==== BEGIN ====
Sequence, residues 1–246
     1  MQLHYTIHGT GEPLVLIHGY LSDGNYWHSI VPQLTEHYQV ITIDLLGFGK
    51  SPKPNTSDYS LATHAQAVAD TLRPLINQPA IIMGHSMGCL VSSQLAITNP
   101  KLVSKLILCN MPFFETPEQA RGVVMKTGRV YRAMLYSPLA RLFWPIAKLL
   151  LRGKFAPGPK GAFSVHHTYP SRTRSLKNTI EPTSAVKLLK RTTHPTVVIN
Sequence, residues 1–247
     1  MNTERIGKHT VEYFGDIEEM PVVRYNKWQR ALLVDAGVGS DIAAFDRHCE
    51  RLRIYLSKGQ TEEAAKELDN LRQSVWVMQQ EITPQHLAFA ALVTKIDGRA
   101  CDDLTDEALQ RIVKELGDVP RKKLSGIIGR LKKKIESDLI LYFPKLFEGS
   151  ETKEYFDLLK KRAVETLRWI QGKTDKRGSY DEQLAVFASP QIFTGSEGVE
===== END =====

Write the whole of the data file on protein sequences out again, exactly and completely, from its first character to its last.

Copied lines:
Sequence, residues 1–246
     1  MQLHYTIHGT GEPLVLIHGY LSDGNYWHSI VPQLTEHYQV ITIDLLGFGK
    51  SPKPNTSDYS LATHAQAVAD TLRPLINQPA IIMGHSMGCL VSSQLAITNP
   101  KLVSKLILCN MPFFETPEQA RGVVMKTGRV YRAMLYSPLA RLFWPIAKLL
   151  LRGKFAPGPK GAFSVHHTYP SRTRSLKNTI EPTSAVKLLK RTTHPTVVIN
Sequence, residues 1–247
     1  MNTERIGKHT VEYFGDIEEM PVVRYNKWQR ALLVDAGVGS DIAAFDRHCE
    51  RLRIYLSKGQ TEEAAKELDN LRQSVWVMQQ EITPQHLAFA ALVTKIDGRA
   101  CDDLTDEALQ RIVKELGDVP RKKLSGIIGR LKKKIESDLI LYFPKLFEGS
   151  ETKEYFDLLK KRAVETLRWI QGKTDKRGSY DEQLAVFASP QIFTGSEGVE